The valley of Crystal Peak October 28, 2008Posted by Jenny in Colorado Rockies, hiking, nature.
Tags: Colorado Rockies, Crystal Peak, hiking
Hike distance: 10 miles/ Elevation gain: 3475 feet
This beautiful place of high silent lakes rimmed by wildflowers represents unfinished business for me. From our base in Breckenridge, Colorado, Bob and I had climbed Mt. Democrat (14,148′) and Peak 10 (13,633′) on two successive days. On the third day, Bob went fishing with his friend Lars, and I decided to climb Crystal Peak (13,852′). We had been very close to it the day before—but this time I would go up by way of the next valley to the south, past the Mohawk Lakes.
The valley presents itself as a series of unfoldings. In giant stair steps, you climb steeply past a high waterfall, and a large lake unfolds before you. Climb past a second waterfall, and second lake appears. Keep going. More lakes emerge before you in the high meadows as you get up into the harsher, starker end of the valley, a place ruled by wind and cold, surrounded by steep talus slopes.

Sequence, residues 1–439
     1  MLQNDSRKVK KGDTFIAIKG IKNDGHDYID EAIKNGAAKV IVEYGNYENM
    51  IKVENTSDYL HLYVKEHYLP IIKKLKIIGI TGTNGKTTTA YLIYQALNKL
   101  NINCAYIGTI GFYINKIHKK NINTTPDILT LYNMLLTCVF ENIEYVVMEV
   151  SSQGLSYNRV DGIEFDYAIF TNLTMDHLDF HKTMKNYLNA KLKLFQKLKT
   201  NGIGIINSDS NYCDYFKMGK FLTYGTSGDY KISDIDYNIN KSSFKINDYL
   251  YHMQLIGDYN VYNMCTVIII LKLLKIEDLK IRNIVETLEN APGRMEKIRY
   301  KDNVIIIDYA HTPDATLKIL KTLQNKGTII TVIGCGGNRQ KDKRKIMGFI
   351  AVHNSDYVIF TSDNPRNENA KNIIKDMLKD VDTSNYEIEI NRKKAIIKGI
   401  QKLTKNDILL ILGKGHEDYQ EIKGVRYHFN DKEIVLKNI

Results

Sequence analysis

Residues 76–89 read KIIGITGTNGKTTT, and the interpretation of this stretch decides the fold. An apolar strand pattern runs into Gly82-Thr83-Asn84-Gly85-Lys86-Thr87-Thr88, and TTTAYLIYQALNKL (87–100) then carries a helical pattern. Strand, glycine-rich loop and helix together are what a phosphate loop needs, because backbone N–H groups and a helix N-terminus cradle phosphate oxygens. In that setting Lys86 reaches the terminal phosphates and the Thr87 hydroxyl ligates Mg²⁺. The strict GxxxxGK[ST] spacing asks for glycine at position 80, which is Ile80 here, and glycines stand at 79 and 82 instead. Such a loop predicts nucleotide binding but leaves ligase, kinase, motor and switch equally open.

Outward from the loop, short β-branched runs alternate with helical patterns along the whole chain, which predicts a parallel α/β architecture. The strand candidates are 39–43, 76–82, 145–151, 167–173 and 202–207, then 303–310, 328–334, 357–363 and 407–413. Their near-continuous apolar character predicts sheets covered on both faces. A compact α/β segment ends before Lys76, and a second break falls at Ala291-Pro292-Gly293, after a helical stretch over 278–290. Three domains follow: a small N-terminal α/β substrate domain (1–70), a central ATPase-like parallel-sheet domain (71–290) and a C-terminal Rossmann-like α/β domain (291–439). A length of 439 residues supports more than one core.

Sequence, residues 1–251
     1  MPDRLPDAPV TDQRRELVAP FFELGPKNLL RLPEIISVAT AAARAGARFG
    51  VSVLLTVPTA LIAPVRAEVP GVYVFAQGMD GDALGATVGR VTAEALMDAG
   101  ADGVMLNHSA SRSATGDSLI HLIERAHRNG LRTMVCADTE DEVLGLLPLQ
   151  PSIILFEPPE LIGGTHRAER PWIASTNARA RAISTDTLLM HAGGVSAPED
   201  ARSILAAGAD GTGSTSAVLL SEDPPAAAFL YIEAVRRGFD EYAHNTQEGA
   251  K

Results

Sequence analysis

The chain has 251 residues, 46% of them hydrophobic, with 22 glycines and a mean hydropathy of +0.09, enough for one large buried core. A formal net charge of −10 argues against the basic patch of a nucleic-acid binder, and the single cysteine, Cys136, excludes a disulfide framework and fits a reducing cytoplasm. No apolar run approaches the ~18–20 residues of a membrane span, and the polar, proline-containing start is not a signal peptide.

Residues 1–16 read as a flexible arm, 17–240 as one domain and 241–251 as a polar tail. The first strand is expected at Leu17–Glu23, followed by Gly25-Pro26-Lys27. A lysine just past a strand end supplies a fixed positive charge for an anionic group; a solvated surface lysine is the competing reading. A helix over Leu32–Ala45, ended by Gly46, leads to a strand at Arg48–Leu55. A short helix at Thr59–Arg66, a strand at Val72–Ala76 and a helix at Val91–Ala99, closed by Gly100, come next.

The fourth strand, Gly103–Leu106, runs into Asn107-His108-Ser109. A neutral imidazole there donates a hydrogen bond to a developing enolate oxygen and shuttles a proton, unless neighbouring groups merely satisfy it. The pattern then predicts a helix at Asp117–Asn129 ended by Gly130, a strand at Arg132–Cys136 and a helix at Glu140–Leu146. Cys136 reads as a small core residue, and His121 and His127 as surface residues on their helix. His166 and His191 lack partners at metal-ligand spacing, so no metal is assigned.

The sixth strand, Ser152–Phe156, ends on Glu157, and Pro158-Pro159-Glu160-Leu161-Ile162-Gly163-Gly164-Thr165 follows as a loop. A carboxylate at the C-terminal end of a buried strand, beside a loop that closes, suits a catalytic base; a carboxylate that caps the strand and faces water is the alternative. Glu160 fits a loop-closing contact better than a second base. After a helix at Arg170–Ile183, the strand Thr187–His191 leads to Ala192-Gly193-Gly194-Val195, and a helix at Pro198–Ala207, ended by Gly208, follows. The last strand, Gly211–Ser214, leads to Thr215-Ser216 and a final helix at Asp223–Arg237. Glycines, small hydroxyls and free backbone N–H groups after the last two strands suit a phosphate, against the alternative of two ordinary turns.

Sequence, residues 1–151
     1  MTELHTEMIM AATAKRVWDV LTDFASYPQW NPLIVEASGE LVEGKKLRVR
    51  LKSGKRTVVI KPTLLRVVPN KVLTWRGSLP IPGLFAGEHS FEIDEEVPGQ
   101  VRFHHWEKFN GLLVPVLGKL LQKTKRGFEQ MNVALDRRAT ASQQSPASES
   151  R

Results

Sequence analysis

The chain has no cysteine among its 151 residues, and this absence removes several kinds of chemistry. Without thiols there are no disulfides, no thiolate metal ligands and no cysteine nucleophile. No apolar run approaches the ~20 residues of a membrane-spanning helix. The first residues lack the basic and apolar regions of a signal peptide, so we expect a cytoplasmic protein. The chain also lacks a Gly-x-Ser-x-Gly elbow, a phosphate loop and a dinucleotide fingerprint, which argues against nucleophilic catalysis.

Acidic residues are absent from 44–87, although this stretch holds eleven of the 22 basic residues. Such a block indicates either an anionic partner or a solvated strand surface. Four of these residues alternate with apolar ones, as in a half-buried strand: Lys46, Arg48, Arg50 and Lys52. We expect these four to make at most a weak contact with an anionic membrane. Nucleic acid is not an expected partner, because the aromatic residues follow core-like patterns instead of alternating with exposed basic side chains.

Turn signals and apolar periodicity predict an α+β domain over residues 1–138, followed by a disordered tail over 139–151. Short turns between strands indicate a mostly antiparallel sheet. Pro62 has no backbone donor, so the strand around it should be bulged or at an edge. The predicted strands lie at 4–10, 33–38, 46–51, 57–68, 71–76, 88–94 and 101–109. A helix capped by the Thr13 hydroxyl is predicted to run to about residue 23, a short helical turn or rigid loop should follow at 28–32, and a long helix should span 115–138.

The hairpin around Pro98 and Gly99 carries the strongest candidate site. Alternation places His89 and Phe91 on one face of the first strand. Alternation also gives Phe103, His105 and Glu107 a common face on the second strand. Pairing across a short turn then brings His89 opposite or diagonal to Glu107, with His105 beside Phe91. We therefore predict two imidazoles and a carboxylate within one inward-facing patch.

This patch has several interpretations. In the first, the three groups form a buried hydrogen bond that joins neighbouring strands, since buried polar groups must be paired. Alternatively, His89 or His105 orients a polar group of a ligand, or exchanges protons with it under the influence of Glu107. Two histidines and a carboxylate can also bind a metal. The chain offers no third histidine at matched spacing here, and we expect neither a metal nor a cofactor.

I knew as I climbed past the first waterfall that something was wrong and that I probably wouldn’t get to the top of the mountain. I was actually exhausted from the hiking of the two previous days, and I had a rather unpleasant feeling that I can best describe as “nausea of the lungs.” The altitude hadn’t stopped me the previous two days, but now I was hitting the wall. The hike distance and elevation gain at the top of the post represent the total for the climb to the summit. I made it to about 13,000 feet, a climb of 2,600 feet from the trailhead, and sat down beside one of the lakes. This was a magical place. The wildflowers seemed to clamor to present their colors: “You think you’ve seen blue before? Take a look at this! Yellow over here, the best you’ll ever see! Pink this way—don’t miss it!”
I’ll be back.